As a parent, everyone wishes to see their child grow and develop, and bottle aversion can result in a setback in the child’s growth. However, there are a few ways you can help your baby overcome bottle aversion.
Let the baby get used to bottle-feeding
Do not force your baby to drink from a bottle. Let them become habituated with the bottle first. Babies should latch on to the bottle like they do with breasts.
- First, touch the baby’s nose and lips with the nipple on the bottle. Due to the rooting reflex, babies will open their mouths automatically. Once they do that, only then place the nipple in their mouth.
- Instead of using the whole bottle, try this technique with just the nipple first. Once babies have taken the nipple in their mouth, rub the nipple along their tongue, inner cheek, and gums to make them get accustomed to the texture and feel of the nipple. Repeat this process till the baby starts to accept the nipple.
- Put your fingers inside the nipple and rub it against their tongue to encourage them to suck it. Once they start sucking, only they offer milk with the bottle.
- Start slowly. Give a few drops of milk first and if they drink it, then offer the whole bottle.
Let someone else feed the baby.
Babies often associate feeding with their mother and be averted to bottle if they see or smell you. You can try leaving the room and letting someone else feed the baby.
Bottle feed your baby the same way as breastfeeding
- While bottle feeding, hold and cuddle your baby the same way you do when breastfeeding.
- Maintain skin contact with the baby to ease them while bottle feeding.
- Sleep with a piece of cloth and then wrap the cloth around the bottle so that it smells like you.
- You can also associate breastfeeding with a stuffed animal and use the same toy while bottle-feeding the baby.
- If you sing or play any specific song while breastfeeding, do the same while bottle feeding.
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Change the location or position of the feeding.
Your baby may be averted to bottle feeding if the feeding position or the location is not comfortable for them.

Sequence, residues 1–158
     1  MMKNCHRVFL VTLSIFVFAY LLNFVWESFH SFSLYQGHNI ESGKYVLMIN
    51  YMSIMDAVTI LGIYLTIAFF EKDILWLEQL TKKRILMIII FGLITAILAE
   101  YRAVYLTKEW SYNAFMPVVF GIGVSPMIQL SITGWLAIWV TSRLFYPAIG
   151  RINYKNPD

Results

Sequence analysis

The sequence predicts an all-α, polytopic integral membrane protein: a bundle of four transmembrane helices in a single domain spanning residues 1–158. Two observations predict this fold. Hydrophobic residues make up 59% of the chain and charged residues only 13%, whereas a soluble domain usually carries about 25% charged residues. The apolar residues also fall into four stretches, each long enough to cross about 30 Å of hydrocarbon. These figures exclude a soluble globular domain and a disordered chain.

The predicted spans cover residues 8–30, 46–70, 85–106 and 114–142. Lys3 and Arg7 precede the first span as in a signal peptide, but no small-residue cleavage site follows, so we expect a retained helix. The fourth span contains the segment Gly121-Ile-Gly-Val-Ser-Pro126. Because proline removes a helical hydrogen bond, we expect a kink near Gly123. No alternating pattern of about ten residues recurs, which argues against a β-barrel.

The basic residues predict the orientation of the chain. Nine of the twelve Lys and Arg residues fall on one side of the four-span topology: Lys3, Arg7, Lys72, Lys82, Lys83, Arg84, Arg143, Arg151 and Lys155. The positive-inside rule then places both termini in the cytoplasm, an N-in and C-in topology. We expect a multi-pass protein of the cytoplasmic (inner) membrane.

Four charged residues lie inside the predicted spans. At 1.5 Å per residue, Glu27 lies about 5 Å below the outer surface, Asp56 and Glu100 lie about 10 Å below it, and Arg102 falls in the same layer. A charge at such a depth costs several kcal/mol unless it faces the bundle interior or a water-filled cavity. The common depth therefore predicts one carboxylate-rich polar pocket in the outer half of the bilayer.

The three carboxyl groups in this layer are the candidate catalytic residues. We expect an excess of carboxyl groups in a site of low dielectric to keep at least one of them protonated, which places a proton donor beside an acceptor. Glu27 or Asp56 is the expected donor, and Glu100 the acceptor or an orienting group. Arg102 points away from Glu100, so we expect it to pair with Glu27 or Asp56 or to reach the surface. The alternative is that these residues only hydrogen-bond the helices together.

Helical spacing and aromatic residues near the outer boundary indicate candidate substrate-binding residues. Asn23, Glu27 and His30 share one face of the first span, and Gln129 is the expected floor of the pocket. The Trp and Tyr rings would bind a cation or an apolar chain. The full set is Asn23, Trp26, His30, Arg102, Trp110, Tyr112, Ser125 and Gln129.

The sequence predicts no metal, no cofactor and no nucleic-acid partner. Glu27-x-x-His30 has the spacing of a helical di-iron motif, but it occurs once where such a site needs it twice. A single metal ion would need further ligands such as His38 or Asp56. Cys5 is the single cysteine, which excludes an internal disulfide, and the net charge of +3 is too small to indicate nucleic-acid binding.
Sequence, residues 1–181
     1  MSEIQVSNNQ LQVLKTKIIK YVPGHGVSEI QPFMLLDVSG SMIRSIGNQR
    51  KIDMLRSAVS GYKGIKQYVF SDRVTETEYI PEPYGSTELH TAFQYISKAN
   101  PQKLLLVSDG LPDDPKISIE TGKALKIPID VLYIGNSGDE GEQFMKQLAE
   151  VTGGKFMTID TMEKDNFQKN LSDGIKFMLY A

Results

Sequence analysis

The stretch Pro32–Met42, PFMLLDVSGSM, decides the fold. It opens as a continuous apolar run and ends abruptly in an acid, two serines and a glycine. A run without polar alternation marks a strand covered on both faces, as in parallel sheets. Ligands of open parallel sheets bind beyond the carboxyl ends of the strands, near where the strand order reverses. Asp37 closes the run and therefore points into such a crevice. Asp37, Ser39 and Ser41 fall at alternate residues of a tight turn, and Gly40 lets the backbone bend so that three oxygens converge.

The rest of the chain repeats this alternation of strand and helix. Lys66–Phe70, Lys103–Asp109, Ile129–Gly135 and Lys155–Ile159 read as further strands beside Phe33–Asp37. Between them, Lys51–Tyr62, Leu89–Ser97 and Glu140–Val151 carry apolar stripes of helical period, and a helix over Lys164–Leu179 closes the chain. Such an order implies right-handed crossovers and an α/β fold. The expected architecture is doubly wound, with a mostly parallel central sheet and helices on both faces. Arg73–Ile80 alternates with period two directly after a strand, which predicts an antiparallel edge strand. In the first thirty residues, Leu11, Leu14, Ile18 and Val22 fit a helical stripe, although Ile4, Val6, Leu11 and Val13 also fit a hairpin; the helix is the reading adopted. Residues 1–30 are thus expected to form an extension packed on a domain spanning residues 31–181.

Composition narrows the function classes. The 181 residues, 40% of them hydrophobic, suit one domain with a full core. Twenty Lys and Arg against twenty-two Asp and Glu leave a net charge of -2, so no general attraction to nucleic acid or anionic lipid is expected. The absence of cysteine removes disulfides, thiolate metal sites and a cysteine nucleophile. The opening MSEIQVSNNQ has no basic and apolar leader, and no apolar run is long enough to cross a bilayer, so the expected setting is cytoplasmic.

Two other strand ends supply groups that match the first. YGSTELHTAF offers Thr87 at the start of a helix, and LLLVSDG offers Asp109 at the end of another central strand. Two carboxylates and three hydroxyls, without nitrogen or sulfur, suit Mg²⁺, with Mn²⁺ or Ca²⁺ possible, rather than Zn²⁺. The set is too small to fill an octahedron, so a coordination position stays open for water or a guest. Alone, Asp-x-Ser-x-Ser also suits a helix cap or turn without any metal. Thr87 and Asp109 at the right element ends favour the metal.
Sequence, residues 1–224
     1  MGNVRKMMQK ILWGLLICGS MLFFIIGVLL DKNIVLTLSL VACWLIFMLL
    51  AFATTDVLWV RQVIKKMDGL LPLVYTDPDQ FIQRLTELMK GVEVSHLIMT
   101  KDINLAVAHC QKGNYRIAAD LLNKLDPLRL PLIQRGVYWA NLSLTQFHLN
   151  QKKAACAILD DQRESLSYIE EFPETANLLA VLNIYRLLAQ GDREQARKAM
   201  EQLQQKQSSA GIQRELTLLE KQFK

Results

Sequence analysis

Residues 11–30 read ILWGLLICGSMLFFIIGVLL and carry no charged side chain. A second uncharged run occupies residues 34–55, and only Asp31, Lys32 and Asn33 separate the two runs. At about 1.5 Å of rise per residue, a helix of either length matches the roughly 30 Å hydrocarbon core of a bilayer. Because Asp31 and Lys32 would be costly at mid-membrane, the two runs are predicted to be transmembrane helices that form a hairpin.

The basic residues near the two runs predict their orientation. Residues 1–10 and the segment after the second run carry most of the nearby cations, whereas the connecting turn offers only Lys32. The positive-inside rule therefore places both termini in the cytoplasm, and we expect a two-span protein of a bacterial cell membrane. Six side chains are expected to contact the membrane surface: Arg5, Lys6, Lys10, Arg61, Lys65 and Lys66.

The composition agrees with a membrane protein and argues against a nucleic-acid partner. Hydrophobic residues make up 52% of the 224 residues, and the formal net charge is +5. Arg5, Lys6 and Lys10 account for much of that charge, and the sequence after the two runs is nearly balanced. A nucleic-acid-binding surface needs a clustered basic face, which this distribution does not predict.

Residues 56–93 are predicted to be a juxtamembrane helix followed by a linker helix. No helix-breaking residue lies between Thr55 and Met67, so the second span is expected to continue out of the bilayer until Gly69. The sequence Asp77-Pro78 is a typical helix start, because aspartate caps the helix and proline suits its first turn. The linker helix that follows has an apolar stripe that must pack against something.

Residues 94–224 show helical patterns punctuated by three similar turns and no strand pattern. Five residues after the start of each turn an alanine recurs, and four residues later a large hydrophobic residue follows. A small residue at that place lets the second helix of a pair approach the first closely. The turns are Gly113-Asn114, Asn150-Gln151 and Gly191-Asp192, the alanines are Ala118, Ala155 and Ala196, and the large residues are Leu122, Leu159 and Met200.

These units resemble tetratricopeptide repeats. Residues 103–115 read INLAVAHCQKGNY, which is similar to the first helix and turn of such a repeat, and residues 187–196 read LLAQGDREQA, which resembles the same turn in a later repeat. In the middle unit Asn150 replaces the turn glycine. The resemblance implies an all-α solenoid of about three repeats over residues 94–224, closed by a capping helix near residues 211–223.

- You can try changing the location or position of bottle feeding.
- Try holding your baby slightly upright or have your partner hold them.
- You can also put them in a seat or a stroller.
- Walk around the house to distract them while bottle feeding.
- Take your baby outside or distract them with a toy or music.
The milk should be at an ideal temperature.
The temperature of the milk might be too hot or cold for your baby’s liking. Try milk with different temperatures to find out what your baby likes. Some babies prefer to drink slightly warm milk or milk having a temperature similar to breast milk, while some prefer to drink cold milk from a bottle. You can also put the nipple into the freezer to soothe the baby’s gum if they are teething.
Change the bottle
The bottle may be too big or too small, or the nipple may not be comfortable with sucking for the baby. If none of the above tips work, you can try changing the bottle. The nipple on the bottle differs from your breast nipple, which may be why your baby has bottle aversion.
You have to be patient while trying to bottle-feed your baby. It might take a few days to a few weeks for your baby to become habitual with bottle feeding. If your baby does not like the bottle, try the next day again.
Frequently Asked Questions
How long does bottle aversion last?
There is no fixed time for how long a bottle aversion will last in a baby. It can take anywhere from a few days to a few weeks. It all depends on the reason for the aversion and what tips you are using to overcome the aversion.
Why do breastfed babies refuse bottle?
Breastfed babies are used to feeding on their mothers, which is why they refuse bottles. There can be several reasons behind it, the feel of the nipple is different, the feeding position may be uncomfortable, or the babies may refuse bottles because they don’t associate bottles with feeding.
Why is my baby fighting his bottle?
There can be several reasons for your baby to fight his bottle. He might not like the feel of the bottle and want to be breastfed, or he might be sick. If your baby is hungry but still fights his bottle, there can be some underlying cause.
Babies can be averted to bottle feeding for stress, pain, or other reasons. There are several ways you can help your baby overcome its bottle aversion. Thank you for taking the time to read this article. We hope that the tips we have shared in this article helped you.